I didn’t march for science; I was busy running the Head of the Cam (in something of a turn-up for the books, Nines won, in only a tiny fraction over 9 mins, a good time; Jesus were three seconds slower and in a welcome return to form Caius were only a second slower than that; it promises well for the summer). But my daughter went down to London for other reasons and got caught up which is where my pic comes from. But what am I to think of it all? Being English, and generally rather curmudgeonly, I can hardly be enthusiastic; but I can’t bring myself to be quite on RS’s side. I think maybe ATTP’s take suits me. Or, as usual, I’m happy to go with Gavin. The https://www.marchforscience.com/mission/ seems supportable enough: The March for Science champions robustly funded and publicly communicated science as a pillar of human freedom and prosperity. We unite as a diverse, nonpartisan group to call for science that upholds the common good and for political leaders and policy makers to enact evidence based policies in the public interest. The last clause is slightly iffy though.
Why is it iffy? Well, if you ask the economists, they will tell you that the most economically efficient solution to CO2 emissions is a carbon tax. There’s a consensus on it, roughly as strong as the scientific consensus on GW. But the Obama adminstration was no closer that the Trump one to imposing a carbon tax. And yet no-one marched for it against Obama. Why not? Well, I think because “evidence based policies in the public interest” doesn’t quite mean the noble sentiments it pretends to; it’s actually code for “policies that we like”. And you don’t have to look too hard to see a party political theme: as the Graun says: many protesters excoriated the president with signs that likened him to a dangerous orange toxin or disparaged his now defunct university. Or try this pic from the Graun’s best-ten gallery. I know, I carefully selected it.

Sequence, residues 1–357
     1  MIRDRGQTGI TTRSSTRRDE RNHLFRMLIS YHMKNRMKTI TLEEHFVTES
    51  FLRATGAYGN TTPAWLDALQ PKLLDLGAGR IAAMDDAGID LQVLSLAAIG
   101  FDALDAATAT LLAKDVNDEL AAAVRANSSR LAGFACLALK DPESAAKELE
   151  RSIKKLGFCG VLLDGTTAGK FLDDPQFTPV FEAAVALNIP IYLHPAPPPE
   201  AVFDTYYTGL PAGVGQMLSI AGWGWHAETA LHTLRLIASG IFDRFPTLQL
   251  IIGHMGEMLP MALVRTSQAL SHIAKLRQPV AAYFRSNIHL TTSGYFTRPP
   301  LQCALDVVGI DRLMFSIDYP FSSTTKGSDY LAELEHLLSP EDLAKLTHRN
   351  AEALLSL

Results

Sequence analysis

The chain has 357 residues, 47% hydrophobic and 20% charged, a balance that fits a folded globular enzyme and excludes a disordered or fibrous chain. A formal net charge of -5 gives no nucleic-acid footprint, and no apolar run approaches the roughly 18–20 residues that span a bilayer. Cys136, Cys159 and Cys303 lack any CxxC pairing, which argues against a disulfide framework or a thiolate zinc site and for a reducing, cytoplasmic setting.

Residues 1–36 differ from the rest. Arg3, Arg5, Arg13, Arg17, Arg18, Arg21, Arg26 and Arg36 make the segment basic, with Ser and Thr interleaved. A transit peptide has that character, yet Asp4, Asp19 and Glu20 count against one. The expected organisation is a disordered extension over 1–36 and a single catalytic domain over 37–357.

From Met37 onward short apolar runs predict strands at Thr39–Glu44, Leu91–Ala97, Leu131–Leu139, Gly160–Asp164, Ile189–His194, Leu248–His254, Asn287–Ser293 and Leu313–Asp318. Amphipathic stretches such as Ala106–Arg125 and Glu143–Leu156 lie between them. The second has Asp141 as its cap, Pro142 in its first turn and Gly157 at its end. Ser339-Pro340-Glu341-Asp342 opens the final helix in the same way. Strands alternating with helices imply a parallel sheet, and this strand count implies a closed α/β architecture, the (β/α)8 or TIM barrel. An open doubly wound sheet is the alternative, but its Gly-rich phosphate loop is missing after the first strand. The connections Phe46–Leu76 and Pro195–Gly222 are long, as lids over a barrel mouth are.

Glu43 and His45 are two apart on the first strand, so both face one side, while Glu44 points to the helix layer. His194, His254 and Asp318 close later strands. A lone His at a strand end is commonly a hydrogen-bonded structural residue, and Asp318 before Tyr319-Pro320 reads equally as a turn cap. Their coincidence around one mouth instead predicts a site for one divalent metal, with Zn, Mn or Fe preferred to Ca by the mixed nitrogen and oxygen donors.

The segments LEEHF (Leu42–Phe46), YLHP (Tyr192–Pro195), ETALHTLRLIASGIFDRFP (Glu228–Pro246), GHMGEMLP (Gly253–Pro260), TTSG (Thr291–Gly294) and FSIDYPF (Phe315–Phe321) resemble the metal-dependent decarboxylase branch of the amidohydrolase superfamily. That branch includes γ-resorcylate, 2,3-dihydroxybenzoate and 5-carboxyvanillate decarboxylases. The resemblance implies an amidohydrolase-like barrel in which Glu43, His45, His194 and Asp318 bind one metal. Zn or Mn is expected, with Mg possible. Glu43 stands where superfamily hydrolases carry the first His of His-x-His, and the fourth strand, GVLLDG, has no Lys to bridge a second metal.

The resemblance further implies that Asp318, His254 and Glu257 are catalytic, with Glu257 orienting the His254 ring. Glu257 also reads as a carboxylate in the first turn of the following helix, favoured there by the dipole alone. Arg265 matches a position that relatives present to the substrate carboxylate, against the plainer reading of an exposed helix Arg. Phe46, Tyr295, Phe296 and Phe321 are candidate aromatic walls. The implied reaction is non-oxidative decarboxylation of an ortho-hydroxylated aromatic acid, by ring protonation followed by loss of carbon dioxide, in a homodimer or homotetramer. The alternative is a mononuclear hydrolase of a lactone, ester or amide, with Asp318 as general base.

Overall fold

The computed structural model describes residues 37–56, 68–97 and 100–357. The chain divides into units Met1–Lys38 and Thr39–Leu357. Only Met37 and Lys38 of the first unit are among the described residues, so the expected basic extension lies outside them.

But everyone is blogging the MFS, mostly better than me. Instead, let’s broaden the topic to the Crisis of Western Civ(ilisation) by David Brooks (who he? Incidentally, I am unable to understand how anyone bemoaning the downfall of civilisation could possibly write it as “Civ”, unless he is thinking of Sid Meier, which seems unlikely; or is an unusually self-conscious barbarian). What somewhat surprises me is that this is news. People have been bemoaning the downfall of Western Civilisation since forever, but perhaps they do now have a point. We have got grossly fat, as a civilisation. Here’s a recent example, from CIP. We’re too rich. We can afford to make too many mistakes. The vital error-correcting function of natural selection – killing off stupid ideas – doesn’t function well any more. People can afford to vote for a bozo like Trump, because meh we’ll survive somehow. The idiot village Turks vote themselves a dictator. But I’m distracting myself, the people I’m worrying about are the intellectuals. It isn’t quite that they’ve lost faith in the Liberal project; it’s just that they take it too much for granted, assume it is so strong that they can piss around. Have you read “The Road to Serfdom”?
Update: evidence-based policy
Looking at wiki’s page on evidence based policy it is clearly very thin indeed. Most of the text seems to be based around overseas aid, rather than applications to “home” policy. It seems to have been used as a buzzword by the Blair govt; but did they pass the test? Clearly not: the Iraq war was the antithesis of evidence-based policy, policy-based evidence. There’s a brief nod to the Australian tariff board which is odd, I think, because I don’t see them recommending zero tariffs.
Update: Why I marched for science by Jon Butterworth
From the Graun.
One reason I think this march is needed is because there is a worrying trend at the moment toward isolationism and nationalism… Science and international collaboration are what we need to survive; to avoid killing ourselves, or each other, by accident or on purpose… But there is a danger than it leads to science being ignored, or taken for granted. That’s another reason today’s march is a good thing.Science will not make moral and political choices for us, or tell us what our goals should be.
This is a much smaller, but much more defensible, set of claims.
* The ice stupas of Ladakh: solving water crisis in the high desert of Himalaya
* Best #MarchforScience Posters – QS
* Abbott’s Stents In India – Price Caps Mean Products Disappear From The Market – Timmy
* Why March for Science? Because when it is attacked, only the elite benefit by Lucky Tran in the Graun is crap. You can’t substitute passion for thought. That’s what Trump is doing.
* Bart is in favour
* Brian in San Francisco
* We want to clear up a few things about what the March for Science stands for – mission creep; courtest of RS